I know tomorrow is Father’s Day and many will celebrate with gifts and big meals, which is great. But can I urge you to thank your dad for the many hours he spent putting bikes together so you could ride with your friends. Thank him for playing catch with you so you could learn to throw the ball just right. Thank him for going to work at 4:30 every weekday so you could live in a house and play in the yard that he mows. Thank your dad for taking care of your mom and bringing her flowers, cards, chocolate and remembering their anniversary. Thank him for showing you the way to hold a screw driver, start the grill, hold a baseball bat, and chop wood. Don’t forget to thank him for showing you how to fix a leaky faucet and at the same time, how not to fix a leaky faucet. Thank dad for buying you cleats, shin guards, and a soccer ball so you could go to practice equipped. Thank him for taking you to “urgent care” when soccer practice didn’t go as planned. Thank him for showing you how to tie a tie, drive a car, and how to apply for a job. Thank your dad for whatever you’ve learned over the years that you are just starting to apply in your life. For me, it was fixing a car door, but for you it might be something different — either way, you know you wouldn’t have been able to do it without him.
I met some of my family for the first time on Sunday. Without going through a long, drawn out explanation, it really wasn’t the first time, but it might as well have been. It was probably one of the largest sibling gatherings that I have seen, other than my grandpa dying. It was nice to visit with them without the death of our grandpa looming over our heads. Plus, I think I was 16 when that happened, so being a few years older helped. Nevertheless, the night was enjoyable. We ate a great meal that one of my sister’s made, played foosball with my nephews and brother, and got to talk about what has happened in the past ten years.
I didn’t grow up knowing some of my family. It’s not a choice that I made, nor do I think it’s any one person’s fault. But I feel that experience has skewed my view of what family looks like. That’s definitely an area where marriage has helped. I have been able to see and be apart of my own family, as well as see the inner workings of my wife’s family. Sure, every family has their quirks, but family is probably the quirkiest. But for about two hours, last Sunday night, I sat in a room with three sisters, one brother, one step sister (sort of), and at least five of my nieces and nephews.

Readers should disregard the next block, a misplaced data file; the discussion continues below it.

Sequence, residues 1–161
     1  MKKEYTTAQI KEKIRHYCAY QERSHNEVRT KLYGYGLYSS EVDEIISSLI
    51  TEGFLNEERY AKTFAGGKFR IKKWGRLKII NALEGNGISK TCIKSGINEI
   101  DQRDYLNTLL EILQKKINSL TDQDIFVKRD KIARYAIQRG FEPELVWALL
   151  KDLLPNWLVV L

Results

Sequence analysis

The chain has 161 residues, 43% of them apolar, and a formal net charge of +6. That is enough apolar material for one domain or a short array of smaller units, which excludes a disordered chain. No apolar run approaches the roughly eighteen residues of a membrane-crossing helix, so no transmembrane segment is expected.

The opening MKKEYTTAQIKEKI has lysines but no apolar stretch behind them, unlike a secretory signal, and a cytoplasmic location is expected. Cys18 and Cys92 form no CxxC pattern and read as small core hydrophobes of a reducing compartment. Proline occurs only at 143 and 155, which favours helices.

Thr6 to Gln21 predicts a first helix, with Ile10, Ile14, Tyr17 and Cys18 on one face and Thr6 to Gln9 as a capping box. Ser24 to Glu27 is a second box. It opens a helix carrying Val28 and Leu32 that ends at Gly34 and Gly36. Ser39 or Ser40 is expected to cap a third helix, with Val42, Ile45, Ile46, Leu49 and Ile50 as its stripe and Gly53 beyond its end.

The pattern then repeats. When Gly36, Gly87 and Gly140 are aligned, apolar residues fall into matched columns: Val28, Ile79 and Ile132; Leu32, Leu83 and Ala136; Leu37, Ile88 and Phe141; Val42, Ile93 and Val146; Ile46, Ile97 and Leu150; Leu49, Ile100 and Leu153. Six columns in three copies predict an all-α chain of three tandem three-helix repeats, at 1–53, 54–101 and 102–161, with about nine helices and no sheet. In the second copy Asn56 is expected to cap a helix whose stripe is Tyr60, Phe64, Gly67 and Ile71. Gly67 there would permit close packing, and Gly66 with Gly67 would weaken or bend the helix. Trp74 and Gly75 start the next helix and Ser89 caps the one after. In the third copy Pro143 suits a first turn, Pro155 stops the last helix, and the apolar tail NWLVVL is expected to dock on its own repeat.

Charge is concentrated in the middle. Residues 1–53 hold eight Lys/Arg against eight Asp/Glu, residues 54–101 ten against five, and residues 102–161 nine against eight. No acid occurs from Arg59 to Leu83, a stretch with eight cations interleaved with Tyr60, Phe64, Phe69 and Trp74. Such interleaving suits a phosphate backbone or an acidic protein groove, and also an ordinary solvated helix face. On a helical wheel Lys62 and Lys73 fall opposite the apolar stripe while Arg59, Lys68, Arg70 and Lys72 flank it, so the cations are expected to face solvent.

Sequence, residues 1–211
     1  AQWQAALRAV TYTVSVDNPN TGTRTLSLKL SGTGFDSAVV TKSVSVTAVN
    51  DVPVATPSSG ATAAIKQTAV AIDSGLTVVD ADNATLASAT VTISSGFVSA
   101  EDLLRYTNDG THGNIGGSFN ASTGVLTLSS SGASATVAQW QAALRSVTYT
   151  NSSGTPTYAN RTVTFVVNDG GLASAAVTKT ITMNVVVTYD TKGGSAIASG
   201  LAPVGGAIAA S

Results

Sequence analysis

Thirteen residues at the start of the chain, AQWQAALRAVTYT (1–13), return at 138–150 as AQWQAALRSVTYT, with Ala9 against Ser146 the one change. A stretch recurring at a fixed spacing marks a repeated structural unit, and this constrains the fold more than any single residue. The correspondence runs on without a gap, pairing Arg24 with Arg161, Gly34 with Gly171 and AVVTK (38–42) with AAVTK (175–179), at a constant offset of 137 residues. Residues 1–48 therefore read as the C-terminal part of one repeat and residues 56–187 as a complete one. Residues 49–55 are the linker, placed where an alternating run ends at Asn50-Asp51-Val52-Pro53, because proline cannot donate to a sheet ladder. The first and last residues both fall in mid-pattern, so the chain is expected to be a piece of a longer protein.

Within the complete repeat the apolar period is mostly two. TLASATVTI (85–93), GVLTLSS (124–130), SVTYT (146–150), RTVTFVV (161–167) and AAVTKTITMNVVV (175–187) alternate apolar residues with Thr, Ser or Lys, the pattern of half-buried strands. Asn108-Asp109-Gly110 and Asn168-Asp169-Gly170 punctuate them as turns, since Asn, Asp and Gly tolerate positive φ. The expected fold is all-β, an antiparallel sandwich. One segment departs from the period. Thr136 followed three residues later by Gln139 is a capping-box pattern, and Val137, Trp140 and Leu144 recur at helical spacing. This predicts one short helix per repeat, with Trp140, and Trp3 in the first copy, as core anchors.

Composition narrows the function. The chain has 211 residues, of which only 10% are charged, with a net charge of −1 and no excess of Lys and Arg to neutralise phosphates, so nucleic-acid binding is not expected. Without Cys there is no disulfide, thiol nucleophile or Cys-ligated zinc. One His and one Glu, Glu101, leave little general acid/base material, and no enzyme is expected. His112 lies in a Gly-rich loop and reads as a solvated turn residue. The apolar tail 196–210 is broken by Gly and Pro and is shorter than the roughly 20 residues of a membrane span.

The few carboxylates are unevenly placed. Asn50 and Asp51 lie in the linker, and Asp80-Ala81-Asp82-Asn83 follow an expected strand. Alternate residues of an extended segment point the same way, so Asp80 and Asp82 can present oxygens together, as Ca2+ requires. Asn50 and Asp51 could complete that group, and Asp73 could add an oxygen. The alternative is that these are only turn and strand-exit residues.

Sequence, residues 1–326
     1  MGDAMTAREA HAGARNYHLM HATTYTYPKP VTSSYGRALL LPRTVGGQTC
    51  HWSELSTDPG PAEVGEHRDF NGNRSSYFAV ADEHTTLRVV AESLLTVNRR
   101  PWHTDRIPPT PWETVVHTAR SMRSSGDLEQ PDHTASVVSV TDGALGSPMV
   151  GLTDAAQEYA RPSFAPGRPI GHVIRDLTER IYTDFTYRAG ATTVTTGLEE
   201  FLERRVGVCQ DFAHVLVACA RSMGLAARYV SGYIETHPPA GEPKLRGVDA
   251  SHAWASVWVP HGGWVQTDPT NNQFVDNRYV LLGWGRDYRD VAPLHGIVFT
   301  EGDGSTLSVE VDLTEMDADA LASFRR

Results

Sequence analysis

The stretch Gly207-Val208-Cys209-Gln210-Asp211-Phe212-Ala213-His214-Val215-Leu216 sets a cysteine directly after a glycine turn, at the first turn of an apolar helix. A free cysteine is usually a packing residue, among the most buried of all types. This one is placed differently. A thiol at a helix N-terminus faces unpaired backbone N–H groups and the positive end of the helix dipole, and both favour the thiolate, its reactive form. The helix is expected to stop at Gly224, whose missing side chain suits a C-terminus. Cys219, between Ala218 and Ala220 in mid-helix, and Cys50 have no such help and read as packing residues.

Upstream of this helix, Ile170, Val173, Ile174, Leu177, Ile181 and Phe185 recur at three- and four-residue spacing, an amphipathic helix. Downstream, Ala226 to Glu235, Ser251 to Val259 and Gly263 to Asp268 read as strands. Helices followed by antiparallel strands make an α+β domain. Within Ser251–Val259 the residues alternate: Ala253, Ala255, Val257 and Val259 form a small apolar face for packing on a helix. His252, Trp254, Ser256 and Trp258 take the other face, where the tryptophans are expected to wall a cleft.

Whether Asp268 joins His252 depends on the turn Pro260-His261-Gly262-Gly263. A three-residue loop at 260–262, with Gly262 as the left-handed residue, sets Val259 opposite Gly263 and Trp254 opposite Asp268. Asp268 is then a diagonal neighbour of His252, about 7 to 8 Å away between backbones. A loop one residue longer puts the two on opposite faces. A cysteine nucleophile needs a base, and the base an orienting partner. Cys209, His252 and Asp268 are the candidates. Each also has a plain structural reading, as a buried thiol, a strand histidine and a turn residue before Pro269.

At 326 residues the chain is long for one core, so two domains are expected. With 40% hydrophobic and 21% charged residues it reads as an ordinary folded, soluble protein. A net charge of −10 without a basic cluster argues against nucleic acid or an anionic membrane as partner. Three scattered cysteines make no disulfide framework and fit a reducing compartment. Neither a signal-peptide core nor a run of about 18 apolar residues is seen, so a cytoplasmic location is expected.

After my wife and I left, I called my dad. Of the children he has raised I am probably the closest with him, and I wanted him to know what had occurred. My hope was that it would encourage him — that it would bring joy to his heart to hear of his children being together. I believe it did. His initial reaction was surprise, which then lead to realization. We talked again on Monday, and he was still in shock. He said he sat in his easy chair for a few hours after I called him that night and just thanked God for what had happened. Hopefully that gives you an idea of how big of a deal this was.
You see, I want to know my family, but I’m scared at times. Though these people have the same blood as me, I don’t know them anymore than I know the President of The United States. But the Lord has opened a door for me. In fact, it’s wide open and I feel like I just took a step in and looked around a bit. It still seems dark in this room. I can barely make out the faces, but I know they look familiar. Maybe if I step in all the way, and grab a flashlight I might be able to make contact with those dimly lit faces. Nevermind, just flip the light switch…